Sawyer Seminar at the University of Chicago, 2011-2012
Interdisciplinary Approaches to Global Transformation
This Seminar is sponsored by the Andrew W. Mellon Foundation.
Visit the project's archive here. This archive includes audio-recordings of events, along with the year's program, information about speakers, and related courses.
For news articles about this Sawyer Seminar, please see:
- UChicago News (10/13/11)
- UChicago Tableau (Spring 2012)
The aim of this Sawyer Seminar is to look at the remarkable historical moment ‘around 1948’ across a range of international locations and from the point of view of several disciplines. The significance of the seminar consists in the effort to identify, clarify, and compare the shape and form of the novel alignments and institutions to emerge in the wake of 1948. We wish to avoid the grip of a Cold War teleology – to take seriously the absence of a cold war logic, which was only emergent in 1948.
The transformations under consideration in the seminar will be both political and cultural. Much of the political world in which we live took shape around 1948; for worse or for better, this shape might have been otherwise. There were profound changes in culture, both within countries and around the world. Even as the new world was taking shape, media were developing to represent it to itself, and this too is an important part of what we wish to address. The situation of intellectuals was different in every country, but over all there was a sense of a caesura, a point of no return.
We are aiming for both synthetic and synchronic analyses, which allow us to put seemingly unlike developments in the same field of inquiry. Disparate moments in culture, society, and politics, we suggest, amounted to a historical turning point, a fundamental transformation the effects of which remain central to our understandings of citizenship, art, and obligation to this day. Rather than neglecting the immediate post-war years as a distinct historical moment, we seek to reveal and analyze little-noticed (or undiscovered) connections and exchanges between events and developments that are proximate in time.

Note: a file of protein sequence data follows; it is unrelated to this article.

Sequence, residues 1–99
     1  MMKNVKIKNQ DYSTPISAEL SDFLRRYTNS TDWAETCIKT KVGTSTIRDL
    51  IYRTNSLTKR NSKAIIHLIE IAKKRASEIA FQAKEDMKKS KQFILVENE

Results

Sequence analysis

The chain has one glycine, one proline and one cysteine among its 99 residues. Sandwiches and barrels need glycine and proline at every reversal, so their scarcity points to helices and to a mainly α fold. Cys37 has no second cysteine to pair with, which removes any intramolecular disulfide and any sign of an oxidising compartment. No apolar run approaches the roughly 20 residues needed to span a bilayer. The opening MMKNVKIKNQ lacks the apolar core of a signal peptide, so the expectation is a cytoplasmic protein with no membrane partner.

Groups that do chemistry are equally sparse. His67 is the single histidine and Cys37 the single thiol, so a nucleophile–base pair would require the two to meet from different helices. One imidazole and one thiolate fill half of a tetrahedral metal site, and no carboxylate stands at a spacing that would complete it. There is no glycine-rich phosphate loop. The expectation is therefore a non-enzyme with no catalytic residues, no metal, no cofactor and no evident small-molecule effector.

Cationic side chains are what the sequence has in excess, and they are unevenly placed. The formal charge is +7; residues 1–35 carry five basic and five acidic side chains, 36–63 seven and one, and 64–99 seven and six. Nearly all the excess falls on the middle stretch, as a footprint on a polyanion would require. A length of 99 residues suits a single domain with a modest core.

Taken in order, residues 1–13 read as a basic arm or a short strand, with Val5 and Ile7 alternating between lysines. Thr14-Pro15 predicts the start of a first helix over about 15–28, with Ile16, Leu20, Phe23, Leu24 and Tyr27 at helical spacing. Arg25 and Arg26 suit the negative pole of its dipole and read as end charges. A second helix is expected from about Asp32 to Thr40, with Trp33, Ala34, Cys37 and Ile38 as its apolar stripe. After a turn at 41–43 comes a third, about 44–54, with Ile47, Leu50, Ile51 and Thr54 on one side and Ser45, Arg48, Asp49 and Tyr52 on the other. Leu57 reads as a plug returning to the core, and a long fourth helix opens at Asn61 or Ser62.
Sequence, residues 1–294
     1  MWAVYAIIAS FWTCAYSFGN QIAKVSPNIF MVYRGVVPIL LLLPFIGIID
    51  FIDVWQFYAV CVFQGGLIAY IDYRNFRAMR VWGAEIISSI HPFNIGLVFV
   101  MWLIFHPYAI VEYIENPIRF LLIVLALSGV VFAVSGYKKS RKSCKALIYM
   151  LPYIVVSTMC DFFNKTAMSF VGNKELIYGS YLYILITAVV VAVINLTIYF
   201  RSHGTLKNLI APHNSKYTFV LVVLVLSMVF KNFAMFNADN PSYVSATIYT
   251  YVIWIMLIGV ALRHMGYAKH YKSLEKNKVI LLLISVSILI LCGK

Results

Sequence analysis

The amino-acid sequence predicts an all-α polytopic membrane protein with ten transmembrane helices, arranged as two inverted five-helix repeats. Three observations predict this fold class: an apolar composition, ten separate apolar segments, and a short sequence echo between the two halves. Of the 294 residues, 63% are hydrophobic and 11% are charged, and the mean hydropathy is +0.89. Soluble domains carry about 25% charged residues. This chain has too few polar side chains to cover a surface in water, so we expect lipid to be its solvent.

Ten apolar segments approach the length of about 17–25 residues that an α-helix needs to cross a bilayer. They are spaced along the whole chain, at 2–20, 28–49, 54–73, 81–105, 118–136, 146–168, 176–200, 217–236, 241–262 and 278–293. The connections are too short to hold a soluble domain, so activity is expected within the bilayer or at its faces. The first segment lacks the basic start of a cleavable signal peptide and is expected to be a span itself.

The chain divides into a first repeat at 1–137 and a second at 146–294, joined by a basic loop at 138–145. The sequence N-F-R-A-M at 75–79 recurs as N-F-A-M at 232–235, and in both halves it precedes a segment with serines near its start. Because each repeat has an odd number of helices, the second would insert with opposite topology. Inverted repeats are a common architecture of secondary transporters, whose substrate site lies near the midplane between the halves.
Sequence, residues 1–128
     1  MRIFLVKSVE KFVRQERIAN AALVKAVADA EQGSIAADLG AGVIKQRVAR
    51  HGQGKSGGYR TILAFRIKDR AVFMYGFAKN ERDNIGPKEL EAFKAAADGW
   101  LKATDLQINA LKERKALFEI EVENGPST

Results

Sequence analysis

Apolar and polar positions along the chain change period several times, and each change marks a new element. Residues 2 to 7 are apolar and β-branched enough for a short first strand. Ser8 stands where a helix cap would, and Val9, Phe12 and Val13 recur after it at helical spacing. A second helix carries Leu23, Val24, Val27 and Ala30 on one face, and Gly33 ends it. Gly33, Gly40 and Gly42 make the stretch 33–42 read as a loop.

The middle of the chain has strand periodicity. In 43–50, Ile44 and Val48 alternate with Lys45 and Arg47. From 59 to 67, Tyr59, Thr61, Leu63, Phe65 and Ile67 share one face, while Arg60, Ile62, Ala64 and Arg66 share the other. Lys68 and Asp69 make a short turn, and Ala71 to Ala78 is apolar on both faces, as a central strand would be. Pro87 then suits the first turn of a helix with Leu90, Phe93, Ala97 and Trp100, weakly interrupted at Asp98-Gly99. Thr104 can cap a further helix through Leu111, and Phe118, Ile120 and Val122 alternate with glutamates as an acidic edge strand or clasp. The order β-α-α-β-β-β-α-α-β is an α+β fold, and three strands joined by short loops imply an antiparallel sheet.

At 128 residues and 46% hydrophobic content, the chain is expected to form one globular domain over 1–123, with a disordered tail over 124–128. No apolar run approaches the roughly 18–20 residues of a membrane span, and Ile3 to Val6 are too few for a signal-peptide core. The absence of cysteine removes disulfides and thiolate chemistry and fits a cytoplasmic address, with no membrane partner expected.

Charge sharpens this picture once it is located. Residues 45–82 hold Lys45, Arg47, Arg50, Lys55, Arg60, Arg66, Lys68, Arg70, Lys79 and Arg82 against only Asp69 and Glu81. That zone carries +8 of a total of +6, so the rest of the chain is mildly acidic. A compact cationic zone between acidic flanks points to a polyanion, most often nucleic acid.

Autumn 2011, Crisis of Representation
Both aesthetic and political, the culture of representation encompasses formal experiments across the arts and their institutions and political innovations across institutions seeking to represent new subjects and concerns. Read more >>
Winter 2012, Traumatic cosmopolitanism
To both deepen and broaden the meaning of cosmopolitanism, we will place the study of small communities of elective affiliation in dialogue with large-scale movements of people both voluntary and coerced. Read more >>
Spring 2012, Recuperating the aspirational
In an era notable for its pessimism and rejection of utopian thinking, there were projects that succeeded. Even those that did not were motivated by strong ideals. Yet those ideals contained both constructive visions and the legacy of loss. Read more >>
The Sawyer Steering Committee is pleased to announce the three Sawyer Fellowship awards for 2011-12:
Sawyer Postdoctoral Fellowship
Dimitris Kousouris is the Sawyer Postdoctoral Fellow. Dr. Kousouris received his Ph.D. in History from the Ecoles des Hautes Etudes en Sciences Sociales. His research is on "Transnational and Comparative Aspects of Legal Purges of Wartime Collaborators in Europe (1944-early 1950's)."
Sawyer Dissertation-Year Fellowships
Arvind Elangovan, a Doctoral Candidate in the History Department at the University of Chicago, will pursue his dissertation work on "A Civil Servant's Adieu to a Nation: Sir Benegal Narsing Rau and the Making of Postcolonial India, 1935-53."
Martha Sprigge, a Doctoral Candidate in the Music Department at the University of Chicago, will pursue her dissertation work on "Abilities to Mourn: Musical Commemoration in the German Democratic Republic (1945-1989)"
For more information,
please write to
Willem de Kooning. Painting. 1948